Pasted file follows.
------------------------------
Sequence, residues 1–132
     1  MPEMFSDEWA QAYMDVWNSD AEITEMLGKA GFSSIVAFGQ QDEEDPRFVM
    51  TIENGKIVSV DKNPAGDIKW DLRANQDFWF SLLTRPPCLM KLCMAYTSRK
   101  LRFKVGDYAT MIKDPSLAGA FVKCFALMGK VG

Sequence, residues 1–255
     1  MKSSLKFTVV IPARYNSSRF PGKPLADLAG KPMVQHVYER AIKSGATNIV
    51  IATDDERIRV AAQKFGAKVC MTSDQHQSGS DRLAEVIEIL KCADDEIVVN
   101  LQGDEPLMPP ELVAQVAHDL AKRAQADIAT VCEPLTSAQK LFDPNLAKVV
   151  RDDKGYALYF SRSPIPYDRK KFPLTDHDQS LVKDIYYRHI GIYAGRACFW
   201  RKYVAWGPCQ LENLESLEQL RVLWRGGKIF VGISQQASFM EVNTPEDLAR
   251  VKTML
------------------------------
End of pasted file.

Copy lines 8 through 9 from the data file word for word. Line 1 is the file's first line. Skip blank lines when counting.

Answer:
   101  LQGDEPLMPP ELVAQVAHDL AKRAQADIAT VCEPLTSAQK LFDPNLAKVV
   151  RDDKGYALYF SRSPIPYDRK KFPLTDHDQS LVKDIYYRHI GIYAGRACFW